Navy takes over counter-IED task force in Afghanistan
Navy Explosive Ordnance Group Two took over Combined Joint Task Force Paladin during a ceremony, June 22.
Navy EOD Group Two out of Little Creek, Va., assumed leadership of the task force from the Army’s 71st Ordnance Group out of Fort Carson, Colo.
CJTF Paladin is responsible for theatre-wide counter-improvised explosive device operations, training, evidence collection and analysis.
“It’s truly you guys who step out there and take the risk,” said Brig. Gen. Ricky D. Gibbs, the Deputy Commanding General or V Corps, speaking to the EOD technicians during the ceremony. “Your efforts saved an untold number of lives and brought to justice those who perpetrated violence in Afghanistan.”
In taking leadership of CJTF Paladin, Group Two takes over a task force comprised of EOD units from the Army, Navy, Air Force and Marine Corps as well as analysis and support assets from all four services, coalition countries, government civilians and contractors.
Over the 11 months since the 71st EOD took over the task force, CJTF Paladin was responsible for the removal of 16,572 IEDs and weapons caches and conducted numerous post-blast analyses in support of route clearance patrols. Paladin’s training also increased the number of Afghan National Security Forces IED Defeat and EOD teams validated for independent operation from 15 to 55, mentored 252 Afghan EOD candidates, and trained thousands of U.S. and coalition forces.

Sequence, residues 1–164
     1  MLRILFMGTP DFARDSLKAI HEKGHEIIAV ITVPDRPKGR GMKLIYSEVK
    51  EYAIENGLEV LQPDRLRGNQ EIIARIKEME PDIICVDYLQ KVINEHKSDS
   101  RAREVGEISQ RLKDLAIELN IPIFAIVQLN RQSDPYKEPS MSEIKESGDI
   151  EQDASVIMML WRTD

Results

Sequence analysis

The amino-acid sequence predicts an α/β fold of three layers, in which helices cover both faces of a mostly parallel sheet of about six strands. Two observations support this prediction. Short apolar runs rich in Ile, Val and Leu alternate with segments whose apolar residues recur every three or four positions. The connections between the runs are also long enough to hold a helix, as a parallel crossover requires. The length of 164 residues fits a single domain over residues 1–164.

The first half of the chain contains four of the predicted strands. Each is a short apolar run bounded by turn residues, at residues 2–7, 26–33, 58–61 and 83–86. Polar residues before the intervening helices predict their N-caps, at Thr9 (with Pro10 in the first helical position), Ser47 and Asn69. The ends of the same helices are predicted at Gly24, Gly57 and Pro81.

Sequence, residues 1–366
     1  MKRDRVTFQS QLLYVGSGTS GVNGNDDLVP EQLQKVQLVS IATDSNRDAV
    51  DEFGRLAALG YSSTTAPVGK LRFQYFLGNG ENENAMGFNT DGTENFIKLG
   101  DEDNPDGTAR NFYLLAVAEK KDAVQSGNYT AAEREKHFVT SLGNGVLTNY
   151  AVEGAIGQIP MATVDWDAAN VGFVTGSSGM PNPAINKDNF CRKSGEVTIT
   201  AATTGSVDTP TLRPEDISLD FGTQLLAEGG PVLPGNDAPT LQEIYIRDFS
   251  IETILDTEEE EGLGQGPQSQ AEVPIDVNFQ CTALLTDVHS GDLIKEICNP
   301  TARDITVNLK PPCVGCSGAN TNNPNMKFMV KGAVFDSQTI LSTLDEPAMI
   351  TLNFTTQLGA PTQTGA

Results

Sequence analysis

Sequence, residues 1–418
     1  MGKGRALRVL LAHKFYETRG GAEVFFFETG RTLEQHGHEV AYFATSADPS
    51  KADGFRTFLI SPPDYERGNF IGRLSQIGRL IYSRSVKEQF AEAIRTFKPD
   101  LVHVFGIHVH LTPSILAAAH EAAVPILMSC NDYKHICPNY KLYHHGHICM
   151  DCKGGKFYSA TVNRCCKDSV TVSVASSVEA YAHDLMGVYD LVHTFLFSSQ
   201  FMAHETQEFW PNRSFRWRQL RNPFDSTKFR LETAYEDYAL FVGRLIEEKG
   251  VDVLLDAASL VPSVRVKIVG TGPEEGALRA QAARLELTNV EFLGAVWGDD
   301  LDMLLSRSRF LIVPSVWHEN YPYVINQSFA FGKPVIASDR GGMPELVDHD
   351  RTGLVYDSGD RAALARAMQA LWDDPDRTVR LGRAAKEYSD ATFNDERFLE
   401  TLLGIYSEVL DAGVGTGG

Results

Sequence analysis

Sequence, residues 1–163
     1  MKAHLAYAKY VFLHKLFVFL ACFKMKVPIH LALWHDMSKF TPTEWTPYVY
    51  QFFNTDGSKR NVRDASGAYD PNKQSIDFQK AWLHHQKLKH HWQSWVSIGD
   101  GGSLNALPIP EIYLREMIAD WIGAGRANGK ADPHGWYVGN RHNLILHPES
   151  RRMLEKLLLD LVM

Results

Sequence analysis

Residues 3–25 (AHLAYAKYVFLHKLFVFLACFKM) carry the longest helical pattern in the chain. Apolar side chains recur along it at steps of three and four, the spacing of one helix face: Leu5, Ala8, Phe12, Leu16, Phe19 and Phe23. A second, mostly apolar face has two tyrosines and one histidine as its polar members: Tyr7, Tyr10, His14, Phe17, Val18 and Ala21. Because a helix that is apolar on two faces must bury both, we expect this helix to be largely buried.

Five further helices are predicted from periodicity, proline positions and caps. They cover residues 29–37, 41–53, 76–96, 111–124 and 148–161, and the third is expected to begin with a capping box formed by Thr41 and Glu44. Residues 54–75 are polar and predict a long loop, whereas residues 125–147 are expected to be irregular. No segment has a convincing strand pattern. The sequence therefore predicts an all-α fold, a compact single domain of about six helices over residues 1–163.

Additionally, in the past 11 months, the forensic work completed by CJTF Paladin’s Theatre Explosives Exploitation Cell resulted in the conviction of 86 IED perpetrators.
“I know [Mobile Group 2] will continue the good work we’ve done and take Paladin to even higher levels of excellence,” said Col. Leo E. Bradley, the 71st commanding officer.
“We are no longer EOD Group Two,” said Navy Capt. Timothy P. Rudderow, Group Two commander. “All the [Paladin] service members and civilians will come together in unity.”
Group Two is at the beginning of what will be a year-long deployment to Afghanistan.
Article by Lt.j.g. Andrew Carleen, Combined Joint Task Force Paladin